Detroit Lions: Excuses gone, Don’t blame Bobby Layne

Detroit Lions (Photo by Gregory Shamus/Getty Images)
Detroit Lions (Photo by Gregory Shamus/Getty Images) /
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Slay looks for a call
(Photo by Gregory Shamus/Getty Images) /

The Detroit Lions roster as evidence

One way to know that Bob Quinn is to blame for the team’s personnel is an examination of the roster. If you cross reference the roster with the Lions draft history, you will notice that only five players on the roster were drafted before Bob Quinn got there in 2016. The most obvious of whom are quarterback Matthew Stafford and cornerback Darius Slay. Theo Riddick, running back, Sam Martin, punter, and Quandre Diggs, safety, comprise the rest of the holdovers.

However, even when discussing those few players, it needs to be remembered that Quinn re-signed Slay his first year on the job. He committed to Stafford and made him the highest paid quarterback in the NFL for a short time in 2017 and has him signed through 2022. Quinn has had to endorse and recommit to those players for them to stay this long; they could not remain on the roster without his blessing.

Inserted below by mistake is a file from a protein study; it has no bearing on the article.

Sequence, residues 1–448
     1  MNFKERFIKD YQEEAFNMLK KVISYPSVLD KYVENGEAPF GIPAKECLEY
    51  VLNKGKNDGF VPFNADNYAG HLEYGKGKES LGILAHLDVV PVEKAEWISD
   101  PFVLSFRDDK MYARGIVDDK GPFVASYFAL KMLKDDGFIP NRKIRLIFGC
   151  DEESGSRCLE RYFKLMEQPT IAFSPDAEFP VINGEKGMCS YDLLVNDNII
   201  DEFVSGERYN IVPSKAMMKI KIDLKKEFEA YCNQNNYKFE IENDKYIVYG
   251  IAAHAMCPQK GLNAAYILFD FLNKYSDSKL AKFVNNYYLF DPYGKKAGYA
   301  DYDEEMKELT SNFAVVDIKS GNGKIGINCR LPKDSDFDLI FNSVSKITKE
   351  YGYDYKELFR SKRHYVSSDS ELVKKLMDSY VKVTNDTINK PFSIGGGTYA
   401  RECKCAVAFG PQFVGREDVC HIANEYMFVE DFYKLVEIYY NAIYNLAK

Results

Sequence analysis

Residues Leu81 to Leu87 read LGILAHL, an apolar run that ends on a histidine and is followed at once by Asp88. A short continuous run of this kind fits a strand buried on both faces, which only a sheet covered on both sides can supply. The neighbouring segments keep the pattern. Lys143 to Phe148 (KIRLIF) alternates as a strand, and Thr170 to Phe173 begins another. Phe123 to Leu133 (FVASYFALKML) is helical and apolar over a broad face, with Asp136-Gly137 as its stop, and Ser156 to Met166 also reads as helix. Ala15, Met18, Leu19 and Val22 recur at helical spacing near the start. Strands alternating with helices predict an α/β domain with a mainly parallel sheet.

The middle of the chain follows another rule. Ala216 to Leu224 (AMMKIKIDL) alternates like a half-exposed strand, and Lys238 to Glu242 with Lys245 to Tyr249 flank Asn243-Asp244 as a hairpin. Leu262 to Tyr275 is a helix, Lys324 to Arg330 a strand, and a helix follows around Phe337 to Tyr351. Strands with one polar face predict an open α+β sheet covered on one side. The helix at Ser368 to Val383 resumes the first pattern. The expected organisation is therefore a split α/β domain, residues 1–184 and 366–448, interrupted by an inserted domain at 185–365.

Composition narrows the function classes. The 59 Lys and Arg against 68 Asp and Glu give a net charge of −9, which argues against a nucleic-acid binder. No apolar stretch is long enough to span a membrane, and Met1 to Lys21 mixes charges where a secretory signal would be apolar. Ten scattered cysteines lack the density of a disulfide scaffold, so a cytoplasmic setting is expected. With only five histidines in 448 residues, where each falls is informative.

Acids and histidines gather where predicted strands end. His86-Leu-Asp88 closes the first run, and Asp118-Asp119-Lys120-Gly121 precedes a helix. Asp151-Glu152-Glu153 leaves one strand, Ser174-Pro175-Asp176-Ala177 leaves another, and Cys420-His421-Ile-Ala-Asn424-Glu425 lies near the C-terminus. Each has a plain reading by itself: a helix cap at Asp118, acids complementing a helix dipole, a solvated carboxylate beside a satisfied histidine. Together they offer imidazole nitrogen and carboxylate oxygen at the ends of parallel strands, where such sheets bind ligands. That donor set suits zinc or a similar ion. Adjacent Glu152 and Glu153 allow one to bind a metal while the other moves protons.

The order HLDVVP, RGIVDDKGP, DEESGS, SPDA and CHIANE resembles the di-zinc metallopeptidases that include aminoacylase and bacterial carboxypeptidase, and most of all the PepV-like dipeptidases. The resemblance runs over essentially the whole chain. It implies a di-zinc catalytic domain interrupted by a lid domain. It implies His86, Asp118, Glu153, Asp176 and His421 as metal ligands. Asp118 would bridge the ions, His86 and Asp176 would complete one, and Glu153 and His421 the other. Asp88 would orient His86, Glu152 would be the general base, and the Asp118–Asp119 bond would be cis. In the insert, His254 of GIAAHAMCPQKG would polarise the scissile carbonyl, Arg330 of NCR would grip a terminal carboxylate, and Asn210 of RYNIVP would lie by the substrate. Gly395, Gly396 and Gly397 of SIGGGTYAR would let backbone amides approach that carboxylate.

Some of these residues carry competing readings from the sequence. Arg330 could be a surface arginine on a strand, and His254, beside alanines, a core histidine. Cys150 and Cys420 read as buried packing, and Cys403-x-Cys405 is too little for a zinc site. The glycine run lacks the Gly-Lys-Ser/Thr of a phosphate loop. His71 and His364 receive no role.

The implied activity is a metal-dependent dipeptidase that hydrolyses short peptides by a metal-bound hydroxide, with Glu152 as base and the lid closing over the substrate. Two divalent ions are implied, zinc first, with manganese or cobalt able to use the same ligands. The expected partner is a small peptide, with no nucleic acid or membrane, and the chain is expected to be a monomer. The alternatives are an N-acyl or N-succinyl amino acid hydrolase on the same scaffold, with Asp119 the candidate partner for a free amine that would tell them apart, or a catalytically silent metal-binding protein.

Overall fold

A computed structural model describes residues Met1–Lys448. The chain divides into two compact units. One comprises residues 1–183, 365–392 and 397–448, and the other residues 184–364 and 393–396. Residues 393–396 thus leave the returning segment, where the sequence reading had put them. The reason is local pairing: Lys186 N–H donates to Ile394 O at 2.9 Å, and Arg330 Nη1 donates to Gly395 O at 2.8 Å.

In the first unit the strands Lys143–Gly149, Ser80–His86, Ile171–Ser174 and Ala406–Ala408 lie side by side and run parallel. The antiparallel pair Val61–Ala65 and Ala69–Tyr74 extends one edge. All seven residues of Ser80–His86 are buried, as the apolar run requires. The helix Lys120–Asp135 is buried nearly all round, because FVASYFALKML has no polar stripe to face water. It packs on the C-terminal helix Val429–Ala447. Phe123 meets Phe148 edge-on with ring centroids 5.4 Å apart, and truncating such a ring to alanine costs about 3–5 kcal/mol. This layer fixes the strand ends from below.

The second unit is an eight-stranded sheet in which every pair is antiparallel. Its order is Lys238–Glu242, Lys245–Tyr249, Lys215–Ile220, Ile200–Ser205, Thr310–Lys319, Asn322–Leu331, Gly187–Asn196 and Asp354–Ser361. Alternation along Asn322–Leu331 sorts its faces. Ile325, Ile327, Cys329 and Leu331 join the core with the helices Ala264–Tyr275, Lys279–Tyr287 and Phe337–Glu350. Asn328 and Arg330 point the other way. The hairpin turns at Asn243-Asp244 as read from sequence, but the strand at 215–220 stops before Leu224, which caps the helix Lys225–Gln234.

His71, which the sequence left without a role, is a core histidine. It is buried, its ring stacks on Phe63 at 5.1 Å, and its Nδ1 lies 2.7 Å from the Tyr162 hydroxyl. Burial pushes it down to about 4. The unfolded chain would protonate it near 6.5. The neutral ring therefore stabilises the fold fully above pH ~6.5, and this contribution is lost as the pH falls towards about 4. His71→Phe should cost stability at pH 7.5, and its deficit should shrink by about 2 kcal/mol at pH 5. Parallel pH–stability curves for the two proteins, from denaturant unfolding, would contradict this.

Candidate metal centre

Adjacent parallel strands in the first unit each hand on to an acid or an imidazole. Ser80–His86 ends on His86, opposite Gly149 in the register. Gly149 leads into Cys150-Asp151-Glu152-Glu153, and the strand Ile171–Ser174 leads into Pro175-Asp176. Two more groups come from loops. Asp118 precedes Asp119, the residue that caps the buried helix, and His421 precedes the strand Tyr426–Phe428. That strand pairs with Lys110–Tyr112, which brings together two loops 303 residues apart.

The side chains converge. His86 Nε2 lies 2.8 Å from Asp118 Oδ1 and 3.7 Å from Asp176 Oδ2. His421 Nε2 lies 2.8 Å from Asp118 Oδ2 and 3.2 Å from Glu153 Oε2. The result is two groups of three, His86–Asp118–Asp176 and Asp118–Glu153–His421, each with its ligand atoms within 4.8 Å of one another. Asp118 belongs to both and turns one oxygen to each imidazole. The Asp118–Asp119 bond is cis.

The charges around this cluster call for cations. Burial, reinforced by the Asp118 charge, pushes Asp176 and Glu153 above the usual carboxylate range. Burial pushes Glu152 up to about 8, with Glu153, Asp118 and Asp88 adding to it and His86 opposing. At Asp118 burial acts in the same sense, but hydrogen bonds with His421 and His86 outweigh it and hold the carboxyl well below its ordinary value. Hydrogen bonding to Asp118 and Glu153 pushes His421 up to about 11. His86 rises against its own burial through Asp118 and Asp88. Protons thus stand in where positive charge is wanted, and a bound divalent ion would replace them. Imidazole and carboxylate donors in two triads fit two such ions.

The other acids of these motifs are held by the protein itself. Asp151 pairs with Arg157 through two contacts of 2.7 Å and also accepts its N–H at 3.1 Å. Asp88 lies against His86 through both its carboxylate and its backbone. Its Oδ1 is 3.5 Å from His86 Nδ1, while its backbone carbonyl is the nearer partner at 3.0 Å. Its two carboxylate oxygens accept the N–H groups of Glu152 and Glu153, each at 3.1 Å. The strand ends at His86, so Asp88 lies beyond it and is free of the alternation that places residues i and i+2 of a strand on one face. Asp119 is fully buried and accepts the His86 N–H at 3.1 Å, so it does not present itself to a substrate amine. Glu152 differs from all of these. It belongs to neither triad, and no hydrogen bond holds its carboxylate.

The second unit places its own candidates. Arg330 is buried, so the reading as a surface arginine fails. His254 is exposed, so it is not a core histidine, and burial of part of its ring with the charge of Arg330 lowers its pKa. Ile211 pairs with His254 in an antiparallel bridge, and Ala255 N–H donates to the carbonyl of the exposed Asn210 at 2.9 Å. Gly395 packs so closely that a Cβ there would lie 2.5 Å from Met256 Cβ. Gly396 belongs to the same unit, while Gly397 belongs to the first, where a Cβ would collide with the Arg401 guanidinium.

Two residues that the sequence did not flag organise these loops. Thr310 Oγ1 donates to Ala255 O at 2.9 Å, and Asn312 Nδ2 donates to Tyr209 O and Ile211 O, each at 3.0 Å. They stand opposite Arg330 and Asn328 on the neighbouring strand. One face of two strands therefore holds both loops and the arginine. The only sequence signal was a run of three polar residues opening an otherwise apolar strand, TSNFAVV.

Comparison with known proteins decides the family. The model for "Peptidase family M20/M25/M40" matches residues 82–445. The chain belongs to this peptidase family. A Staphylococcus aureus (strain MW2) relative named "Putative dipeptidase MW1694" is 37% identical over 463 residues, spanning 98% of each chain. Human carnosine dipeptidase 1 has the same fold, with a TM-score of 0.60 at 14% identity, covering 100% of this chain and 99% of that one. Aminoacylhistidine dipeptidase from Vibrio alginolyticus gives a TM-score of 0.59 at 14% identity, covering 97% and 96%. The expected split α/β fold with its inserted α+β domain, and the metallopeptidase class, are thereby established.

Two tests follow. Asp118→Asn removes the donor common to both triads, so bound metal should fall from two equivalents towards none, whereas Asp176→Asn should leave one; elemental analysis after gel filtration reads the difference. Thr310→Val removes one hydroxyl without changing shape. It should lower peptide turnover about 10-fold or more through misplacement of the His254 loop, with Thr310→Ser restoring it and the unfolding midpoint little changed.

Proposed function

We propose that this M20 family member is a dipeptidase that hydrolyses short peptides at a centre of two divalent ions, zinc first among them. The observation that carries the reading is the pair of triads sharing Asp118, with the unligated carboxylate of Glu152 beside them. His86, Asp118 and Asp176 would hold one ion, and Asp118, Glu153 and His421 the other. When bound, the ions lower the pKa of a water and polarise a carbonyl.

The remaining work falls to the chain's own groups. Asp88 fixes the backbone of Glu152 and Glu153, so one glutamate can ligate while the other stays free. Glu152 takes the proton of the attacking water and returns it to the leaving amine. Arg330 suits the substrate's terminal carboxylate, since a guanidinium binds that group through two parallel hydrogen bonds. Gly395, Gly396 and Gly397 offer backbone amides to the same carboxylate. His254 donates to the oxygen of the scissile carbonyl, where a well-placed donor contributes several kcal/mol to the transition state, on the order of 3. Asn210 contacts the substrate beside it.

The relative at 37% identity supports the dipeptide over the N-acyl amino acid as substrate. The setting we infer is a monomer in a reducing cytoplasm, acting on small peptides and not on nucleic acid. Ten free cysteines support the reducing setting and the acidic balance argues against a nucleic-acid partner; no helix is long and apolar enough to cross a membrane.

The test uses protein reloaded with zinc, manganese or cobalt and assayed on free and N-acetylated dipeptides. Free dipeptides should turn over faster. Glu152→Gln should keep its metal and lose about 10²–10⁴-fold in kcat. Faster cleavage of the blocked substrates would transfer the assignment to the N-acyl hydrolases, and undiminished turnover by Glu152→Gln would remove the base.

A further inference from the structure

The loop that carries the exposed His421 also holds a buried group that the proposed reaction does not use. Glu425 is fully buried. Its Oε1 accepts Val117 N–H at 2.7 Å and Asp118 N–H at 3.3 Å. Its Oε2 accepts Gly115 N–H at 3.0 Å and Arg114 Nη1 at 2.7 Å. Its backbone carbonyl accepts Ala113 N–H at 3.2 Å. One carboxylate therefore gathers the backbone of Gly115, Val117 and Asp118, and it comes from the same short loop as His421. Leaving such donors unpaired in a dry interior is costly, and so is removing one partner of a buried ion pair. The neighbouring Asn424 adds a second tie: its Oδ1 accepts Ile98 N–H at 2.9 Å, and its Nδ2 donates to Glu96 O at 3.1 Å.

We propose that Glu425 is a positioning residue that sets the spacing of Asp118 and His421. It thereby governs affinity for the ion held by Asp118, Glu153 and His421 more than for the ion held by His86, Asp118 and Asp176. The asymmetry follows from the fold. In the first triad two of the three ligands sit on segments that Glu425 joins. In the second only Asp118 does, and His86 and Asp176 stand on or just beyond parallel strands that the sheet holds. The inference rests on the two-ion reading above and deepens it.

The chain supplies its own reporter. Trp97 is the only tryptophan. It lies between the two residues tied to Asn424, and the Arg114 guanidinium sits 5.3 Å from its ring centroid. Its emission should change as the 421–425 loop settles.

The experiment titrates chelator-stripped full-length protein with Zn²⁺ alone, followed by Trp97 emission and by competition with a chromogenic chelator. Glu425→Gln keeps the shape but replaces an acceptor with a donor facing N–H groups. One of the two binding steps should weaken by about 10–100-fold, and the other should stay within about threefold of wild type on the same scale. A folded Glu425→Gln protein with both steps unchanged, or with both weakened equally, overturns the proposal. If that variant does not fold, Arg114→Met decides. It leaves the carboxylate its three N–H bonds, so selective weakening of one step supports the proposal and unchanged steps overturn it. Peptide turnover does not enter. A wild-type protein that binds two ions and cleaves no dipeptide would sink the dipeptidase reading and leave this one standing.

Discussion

Everyone else was brought to Detroit expressly by Quinn via trade or draft. In other words, this roster in its entirety is his roster. His first couple of years we would agree he had contracts that he was saddled with that he didn’t have many options about. That is part of the job and fans can appreciate the way that he tried to use what we had while bringing in “his guys.”

Take, for example, another aspect of the Matthew Stafford deal. If Quinn secretly believed that Stafford was a guy that he wanted out he would’ve tried harder to develop another player at quarterback. The only two draft picks used on quarterbacks have resulted in both being let go by Quinn. Neither were high draft picks, either, which also implies that quarterback isn’t much of a concern to Quinn.

So, aside from paying him, Quinn has publicly endorsed Stafford, which almost all general managers do with starters, but his actions support the idea that he did not care to replace Stafford. In fact, he seems 100% on board with trying to help Stafford by building a team around him.

The possible problem moving forward is that they are ALL his guys. The payoff could be a legacy of winning with those players and staff that he hand-chose. Should this regime fail or continue to underachieve like the 6-10 record last year, there is no one else to blame.